By Caz Morton
Meet Dylan Alcott. Aussie Sport’s Champion. At 26 years, old he holds three World Grand Slam titles and three Olympic gold medals in two different sports… and his list of achievements are only growing. Have you heard of him?
He is a world champion tennis player and you can’t find his players profile on the official Australian open website – but don’t worry, you can hear all about Rogers new ‘dad beard’.
In the lead-up to the Australian Open this year, I am in deep hope that Roger wins another Slam, Novak fails and Sami doesn’t choke. I also wish I could watch legends Nova and Alcott play.
Both Nova and Alcott have much in common. They have both maintained seeded rankings and championship titles at the same time. They were both recently featured together at the Australian open ‘#ANightWithNovak’ charity fundraiser, where Alcott taught the tennis legend a lesson or two in the sport. When Nova was 26, like Alcott, he had three Grand Slams, 100 impersonations, was worth millions and had sponsors pouring thousands of dollars per week into his physical health.
However, there is a big difference between the two champions. Alcott was born with a tumour wrapped around his spinal cord, leaving him a paraplegic. But being a paraplegic shouldn’t change your perspective or change the game plan. These two men are equals, both athletes have had to be disciplined and work hard for their achievements. But, are both men treated alike?
Let’s take a step back! Do you recognise Alcott? Unless you are an avid tennis addict or keep up with para sports like myself, you probably haven’t come by him. At the same time, I do feel safe assuming already know who Novak is, without watching tennis or being a tennis superfan like me.
Why am I writing this? I would love to see the Australian tennis federation treat wheelchair tennis with the respect and the value it deserves. I’m not going to wave my pitchfork and expect things will change immediately. It was only last year Serena Williams kicked up a stink about equal prize money for women. It saddens me to compare the $3.7+ million the men & women’s Australian Open winner will receive to the amount allocated to the whole Wheelchair tournaments for 2017 – only $200 000. $200K is the kind of money an ATP or WTA player walks away with if they LOSE a quarter-final.
Is this fair? Sure, wheelchair matches are not as long as men’s ATP, but they still play up to 3 set matches, the same as women, and they use the same courts! However, change is not easy or simple. Alcott (and other wheelchair Quad athletes) deserve way more than media attention if the tennis federation is to make changes.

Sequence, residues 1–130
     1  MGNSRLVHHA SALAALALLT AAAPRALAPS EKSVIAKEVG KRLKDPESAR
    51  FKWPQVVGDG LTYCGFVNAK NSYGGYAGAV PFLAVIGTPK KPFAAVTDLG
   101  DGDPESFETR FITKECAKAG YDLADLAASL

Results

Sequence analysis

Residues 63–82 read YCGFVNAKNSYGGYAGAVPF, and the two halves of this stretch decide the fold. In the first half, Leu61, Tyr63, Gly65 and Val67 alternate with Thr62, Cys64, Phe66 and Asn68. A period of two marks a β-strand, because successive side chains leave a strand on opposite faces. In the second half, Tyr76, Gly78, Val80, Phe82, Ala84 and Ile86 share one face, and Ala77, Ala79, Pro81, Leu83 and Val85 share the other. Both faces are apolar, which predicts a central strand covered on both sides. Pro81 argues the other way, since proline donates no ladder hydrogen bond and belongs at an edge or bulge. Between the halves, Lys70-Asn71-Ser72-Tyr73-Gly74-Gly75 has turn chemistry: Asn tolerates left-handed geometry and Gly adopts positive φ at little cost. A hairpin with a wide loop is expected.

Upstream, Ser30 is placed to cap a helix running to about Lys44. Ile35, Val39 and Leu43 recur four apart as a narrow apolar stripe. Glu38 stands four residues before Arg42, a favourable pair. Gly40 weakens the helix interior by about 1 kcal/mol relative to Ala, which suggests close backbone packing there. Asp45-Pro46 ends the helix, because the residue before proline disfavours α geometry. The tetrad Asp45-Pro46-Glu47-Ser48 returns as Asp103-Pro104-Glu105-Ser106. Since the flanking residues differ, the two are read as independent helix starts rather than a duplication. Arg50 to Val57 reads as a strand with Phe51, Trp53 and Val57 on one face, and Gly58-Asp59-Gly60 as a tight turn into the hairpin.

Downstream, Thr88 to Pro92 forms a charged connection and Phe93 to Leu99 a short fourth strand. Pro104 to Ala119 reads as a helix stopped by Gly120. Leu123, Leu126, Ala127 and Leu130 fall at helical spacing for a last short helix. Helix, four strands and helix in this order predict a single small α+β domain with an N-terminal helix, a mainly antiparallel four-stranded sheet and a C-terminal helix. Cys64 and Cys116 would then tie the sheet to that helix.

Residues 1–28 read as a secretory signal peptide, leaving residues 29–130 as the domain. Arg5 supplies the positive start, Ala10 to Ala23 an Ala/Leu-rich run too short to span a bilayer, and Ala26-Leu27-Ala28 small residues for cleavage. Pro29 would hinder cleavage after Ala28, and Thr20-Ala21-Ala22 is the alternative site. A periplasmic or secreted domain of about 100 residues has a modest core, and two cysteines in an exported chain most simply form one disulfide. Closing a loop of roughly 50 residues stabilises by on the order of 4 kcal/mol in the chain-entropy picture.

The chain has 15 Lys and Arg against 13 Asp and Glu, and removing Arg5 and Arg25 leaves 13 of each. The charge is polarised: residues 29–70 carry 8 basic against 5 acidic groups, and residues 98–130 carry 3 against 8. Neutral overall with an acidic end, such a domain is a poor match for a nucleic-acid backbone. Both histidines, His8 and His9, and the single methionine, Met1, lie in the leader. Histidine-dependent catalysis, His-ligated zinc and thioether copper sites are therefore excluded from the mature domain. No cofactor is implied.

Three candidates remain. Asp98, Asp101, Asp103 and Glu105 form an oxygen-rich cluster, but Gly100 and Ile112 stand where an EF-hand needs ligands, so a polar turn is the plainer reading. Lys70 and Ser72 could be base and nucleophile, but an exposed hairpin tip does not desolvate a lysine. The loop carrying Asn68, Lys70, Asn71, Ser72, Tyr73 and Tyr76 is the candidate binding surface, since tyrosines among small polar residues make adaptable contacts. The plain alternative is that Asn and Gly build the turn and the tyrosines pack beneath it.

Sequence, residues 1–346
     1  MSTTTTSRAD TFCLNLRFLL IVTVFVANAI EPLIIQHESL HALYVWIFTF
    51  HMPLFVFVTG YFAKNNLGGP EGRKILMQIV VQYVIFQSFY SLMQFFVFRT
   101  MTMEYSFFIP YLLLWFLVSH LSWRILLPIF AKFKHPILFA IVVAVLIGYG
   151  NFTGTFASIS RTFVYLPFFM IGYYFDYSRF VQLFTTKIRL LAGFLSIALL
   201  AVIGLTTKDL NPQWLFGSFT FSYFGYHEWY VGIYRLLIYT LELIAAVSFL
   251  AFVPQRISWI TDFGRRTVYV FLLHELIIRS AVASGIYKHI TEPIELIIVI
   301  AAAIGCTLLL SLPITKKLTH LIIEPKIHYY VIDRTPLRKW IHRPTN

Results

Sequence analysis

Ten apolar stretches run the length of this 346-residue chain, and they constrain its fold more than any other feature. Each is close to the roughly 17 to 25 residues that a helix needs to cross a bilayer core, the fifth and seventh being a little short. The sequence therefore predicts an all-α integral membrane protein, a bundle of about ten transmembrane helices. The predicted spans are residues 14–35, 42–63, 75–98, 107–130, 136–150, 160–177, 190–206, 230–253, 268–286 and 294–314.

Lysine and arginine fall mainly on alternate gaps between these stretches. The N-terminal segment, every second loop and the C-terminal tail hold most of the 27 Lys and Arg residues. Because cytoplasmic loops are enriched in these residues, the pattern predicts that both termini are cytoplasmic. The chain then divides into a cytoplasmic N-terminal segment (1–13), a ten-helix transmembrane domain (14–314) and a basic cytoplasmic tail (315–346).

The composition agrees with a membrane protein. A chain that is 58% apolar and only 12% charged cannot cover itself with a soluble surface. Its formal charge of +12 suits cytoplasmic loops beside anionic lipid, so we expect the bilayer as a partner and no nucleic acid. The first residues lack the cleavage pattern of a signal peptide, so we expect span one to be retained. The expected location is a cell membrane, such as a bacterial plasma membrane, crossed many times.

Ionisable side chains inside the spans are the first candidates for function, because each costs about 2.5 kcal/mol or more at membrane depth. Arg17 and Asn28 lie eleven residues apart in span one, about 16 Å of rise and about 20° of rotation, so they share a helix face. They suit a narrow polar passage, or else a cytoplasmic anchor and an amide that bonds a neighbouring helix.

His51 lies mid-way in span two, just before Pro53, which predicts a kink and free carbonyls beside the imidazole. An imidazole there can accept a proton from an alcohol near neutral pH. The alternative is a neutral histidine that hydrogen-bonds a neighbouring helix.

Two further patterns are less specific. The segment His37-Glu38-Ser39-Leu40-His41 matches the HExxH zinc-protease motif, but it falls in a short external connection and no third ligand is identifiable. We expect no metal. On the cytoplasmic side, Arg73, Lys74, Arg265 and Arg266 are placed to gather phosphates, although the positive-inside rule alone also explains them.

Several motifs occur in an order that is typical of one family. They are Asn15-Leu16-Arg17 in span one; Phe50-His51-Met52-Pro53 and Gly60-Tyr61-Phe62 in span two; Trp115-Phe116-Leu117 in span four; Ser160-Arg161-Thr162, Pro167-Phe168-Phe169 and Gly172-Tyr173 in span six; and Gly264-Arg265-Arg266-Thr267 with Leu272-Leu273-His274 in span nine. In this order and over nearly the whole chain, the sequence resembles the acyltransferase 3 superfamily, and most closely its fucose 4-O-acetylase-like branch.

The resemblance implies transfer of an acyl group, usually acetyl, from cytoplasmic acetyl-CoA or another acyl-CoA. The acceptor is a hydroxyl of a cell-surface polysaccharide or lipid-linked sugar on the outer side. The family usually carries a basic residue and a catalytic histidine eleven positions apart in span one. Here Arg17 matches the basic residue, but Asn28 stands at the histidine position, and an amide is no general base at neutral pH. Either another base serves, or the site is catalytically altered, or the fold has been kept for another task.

What needs to change? The consumer needs to care, so the media follows suit. I’m tired of hearing about Hewitt’s relationship issues! I’d want to see more exposure on wheelchair tournaments and to hear the player’s stories. I can’t believe we have a tennis legend sliding across global hard courts winning titles left, right and centre and we are going to miss it. I don’t want to miss it, so why would you?
When I was training at the AIS for gymnastics, I would run around to the display room and join in on the wheelchair basketball and failed every time. It was a good experience being physically limited as a child because it’s not something I’ve understood until recently. Even now, sitting in a neck brace, I have only experienced what he has for 10 days. I also know there is no nerve damage and I will walk again – praise God! I won’t compare my scenario to his, but my injury has given my “2017 Aus Open Superfan Experience” a whole new perspective. Of course, I will still enjoy yelling at the TV with my family and friends. I’ll keep tweeting random tennis facts and reciting stats about the players. But sadly, in my excitement that the Australian open has begun today (would do a dance but, meh, fatigued) is shadowed with the disappointment that I can’t watch Alcott slam it on the court because it’s not being broadcast mainstream.
As a Children’s Pastor, I would love my kids to watch Alcott´s journey on free-to-air TV too. They are missing on the opportunity to be exposed to a great Aussie hero. Do you watch tennis with your kids? Will you share Alcott’s journey this season and talk to your kids about athletes with similar stories? Maybe as you google for ‘trolls’ merchandise you could watch his TedX motivational talk on normalising disabilities to be found at https://youtu.be/tvNOzJ7x8qQt. This video has also made me wonder what we value as a society and how we teach our children about disabilities. Unless you live with one, or know people who do, you’re often not exposed to people with a disability – until you finally are. Do we have these conversations at youth group, are our churches accessible and pastoral towards this specialised area? I’m feeling another post coming on.
I’ve never been to an Aus Open Match. I’ve dreamed of seeing Feds or Serena in a finals match in Melb (oh, my first world problem seems minimal), but I’d prefer to hang out with mates. However, if an Aus Open opportunity came my way, I wouldn’t be passing up the opportunity to sit front row at Alcott’s match. After all, it is the only way I can see him play because mainstream TV minimises para-sport broadcasting!
Image borrowed: Victorian Institute of Sport, Athletes profile, Dylan Alcott.
Meet The Writer: Caz Morton
Adopted by Grace, adopted from Sri Lanka.
Past handstand queen & proud member of the fashion police.
Recovering spinal and sternum injuries.
Youth and children’s pastor in Wagga.
Follow@jeanellen on Instagram